Aumann's Agreement Theorem

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I feel like Aumann's Agreement Theorem is one of those concepts which the community was originally excited about, which didn't quite pan out. It's valid as a piece of math, but people want to use it as a shorthand for "the fact that we disagree means one of us must be being irrational", when that is not the case. The reason is because it's not enough for both people to be Bayesian agents, not enough for each person to also know that the other is a Bayesian agent, not enough to know that each person knows that the other person is a Bayesian agent, etc; they need actual common knowledge. And then it turns out that people mostly aren't Bayesian agents. And that's before getting into the weird anthropic stuff, where there are weird facts and pieces of evidence that aren't person-symmetric; eg, I may think that my subjective experience means futures in which I-in-particular am mass-copied are more likely, but someone else should not believe this.

I think there's work to be done here in each of this page and the Aumann Agreement page clarifying the relationship of the two each other. Also it would be nice if this page had some of the math on it.

From the old Talk Page:

Talk:Aumann's agreement theorem

Re the reversion of 1736 7 September: on reflection, I do agree that there should be a separate page for the theorem itself (which is math) and the intuitive gloss and discussion of implications (which is not), but I'm not sure the offending text belongs in the "Disagreement" article, either--would it be a good idea to create a page for Aumann agreement referring to the state of agents coming to agree with each other in an Auman-esque fashion? I think that's what I'm going to do. Z. M. Davis 23:51, 7 September 2009 (UTC)

Rationale here being that two agents coming to agree by updating on each other's beliefs (which I'm calling "Aumann agreement") is distinct from more general discussion of disagreements and why they are problematic amongst rationalists (because there's actually a right answer in questions of fact). Z. M. Davis 23:55, 7 September 2009 (UTC)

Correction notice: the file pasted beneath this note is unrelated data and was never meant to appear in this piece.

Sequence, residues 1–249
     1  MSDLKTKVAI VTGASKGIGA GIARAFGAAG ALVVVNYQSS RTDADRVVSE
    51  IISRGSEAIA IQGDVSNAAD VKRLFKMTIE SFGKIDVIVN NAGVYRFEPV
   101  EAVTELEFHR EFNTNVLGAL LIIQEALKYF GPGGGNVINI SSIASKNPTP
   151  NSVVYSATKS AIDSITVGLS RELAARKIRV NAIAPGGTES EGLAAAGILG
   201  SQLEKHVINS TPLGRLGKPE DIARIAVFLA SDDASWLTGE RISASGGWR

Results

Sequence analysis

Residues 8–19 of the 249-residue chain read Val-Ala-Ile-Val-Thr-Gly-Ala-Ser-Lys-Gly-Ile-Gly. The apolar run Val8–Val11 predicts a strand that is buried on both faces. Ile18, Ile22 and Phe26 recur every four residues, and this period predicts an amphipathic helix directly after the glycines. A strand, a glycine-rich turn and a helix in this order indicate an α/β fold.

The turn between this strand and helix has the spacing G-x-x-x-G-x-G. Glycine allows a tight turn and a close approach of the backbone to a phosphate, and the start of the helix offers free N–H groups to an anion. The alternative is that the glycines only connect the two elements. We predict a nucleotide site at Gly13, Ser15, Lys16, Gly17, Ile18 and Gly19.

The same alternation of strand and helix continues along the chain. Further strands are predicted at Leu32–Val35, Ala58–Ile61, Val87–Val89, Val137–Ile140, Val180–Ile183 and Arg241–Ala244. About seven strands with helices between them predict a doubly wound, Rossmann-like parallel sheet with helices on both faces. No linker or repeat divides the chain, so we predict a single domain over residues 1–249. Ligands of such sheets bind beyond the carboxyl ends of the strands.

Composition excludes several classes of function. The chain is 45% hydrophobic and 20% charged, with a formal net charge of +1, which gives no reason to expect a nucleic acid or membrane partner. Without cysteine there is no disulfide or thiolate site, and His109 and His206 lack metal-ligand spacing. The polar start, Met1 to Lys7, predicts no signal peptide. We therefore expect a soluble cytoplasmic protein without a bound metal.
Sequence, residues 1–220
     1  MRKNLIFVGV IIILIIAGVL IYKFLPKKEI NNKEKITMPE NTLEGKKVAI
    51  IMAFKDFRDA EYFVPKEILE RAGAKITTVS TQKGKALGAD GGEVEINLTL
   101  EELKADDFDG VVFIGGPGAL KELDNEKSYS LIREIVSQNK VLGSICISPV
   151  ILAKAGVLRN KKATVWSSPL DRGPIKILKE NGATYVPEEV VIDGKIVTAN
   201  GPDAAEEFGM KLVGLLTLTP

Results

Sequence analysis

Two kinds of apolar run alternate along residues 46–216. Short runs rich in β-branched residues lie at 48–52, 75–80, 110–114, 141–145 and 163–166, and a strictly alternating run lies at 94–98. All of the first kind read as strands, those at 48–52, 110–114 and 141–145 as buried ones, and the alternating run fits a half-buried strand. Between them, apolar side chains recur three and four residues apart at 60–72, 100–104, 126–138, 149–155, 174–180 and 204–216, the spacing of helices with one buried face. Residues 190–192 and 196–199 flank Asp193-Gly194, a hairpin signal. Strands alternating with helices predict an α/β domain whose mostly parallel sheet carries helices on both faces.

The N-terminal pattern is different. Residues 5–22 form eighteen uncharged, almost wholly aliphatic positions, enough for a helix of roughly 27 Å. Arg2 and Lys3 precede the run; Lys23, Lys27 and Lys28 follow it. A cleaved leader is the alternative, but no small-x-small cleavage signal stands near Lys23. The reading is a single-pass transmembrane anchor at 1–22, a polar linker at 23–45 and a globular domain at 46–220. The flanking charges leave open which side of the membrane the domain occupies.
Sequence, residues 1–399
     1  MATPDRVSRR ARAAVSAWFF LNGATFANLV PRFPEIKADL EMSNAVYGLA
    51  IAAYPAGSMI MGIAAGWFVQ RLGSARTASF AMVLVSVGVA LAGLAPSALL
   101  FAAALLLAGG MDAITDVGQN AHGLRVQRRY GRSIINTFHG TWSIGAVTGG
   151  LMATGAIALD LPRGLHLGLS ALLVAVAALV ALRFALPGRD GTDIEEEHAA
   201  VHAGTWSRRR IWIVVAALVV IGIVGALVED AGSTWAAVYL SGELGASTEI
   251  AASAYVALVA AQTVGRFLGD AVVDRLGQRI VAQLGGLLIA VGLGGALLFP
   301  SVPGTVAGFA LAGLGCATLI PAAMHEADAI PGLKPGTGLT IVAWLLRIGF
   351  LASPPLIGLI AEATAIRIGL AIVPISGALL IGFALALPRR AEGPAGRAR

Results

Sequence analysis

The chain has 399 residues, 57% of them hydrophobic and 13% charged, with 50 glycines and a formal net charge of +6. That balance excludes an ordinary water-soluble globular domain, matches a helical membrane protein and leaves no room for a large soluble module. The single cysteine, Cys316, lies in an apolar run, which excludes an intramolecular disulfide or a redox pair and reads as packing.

You've created a duplicate piece of content for now -- and that's not good. If you create the new page, you should factor out its topic out the Disagreement page as well (but that will hurt that page now -- so maybe a subsection on the disagreement page is a better solution for now, if there is a clear topic to divide it).

Did you watch Hanson's talk on "are disagreements honest"? The link is in the article. In his model, agreement is not a process: you just tell me your opinion, I pronounce my conclusion, and we are done: you must agree with my conclusion immediately. --Vladimir Nesov 01:14, 8 September 2009 (UTC)

I've deleted the duplicate content on "Disagreement" for now, but will be sure to improve that page soon, as well as review Hanson's talk. (It's strange, I read the Cowen and Hanson "Are Disagreements Honest?" paper, and I don't remember it saying anything about agreement being instantaneous--and the Aaronson paper certainly models disagreement as a process; I'll have to look into this further.) Thanks for the help! --Z. M. Davis 01:33, 8 September 2009 (UTC)

Tags vs. explicit links

I think tags should remain poor man's post links, without gaining too much attention in the wiki articles. More posts should be reachable not though the long lists for a given tag, but through the much more structured topic map, by following the links on the wiki to the related wiki articles, and from them to other posts. While the wiki has poor coverage of the blog, or the links between wiki articles don't allow finding the relevant content, the links to the tags may remain, but in a more compact form. The tags can't be too useful simply because there is too much linked material, much of which is too loosely related to the wiki article topic. It's better to work on systematizing more links on the wiki than in organizing the tags. --Vladimir Nesov 19:05, 13 December 2009 (UTC)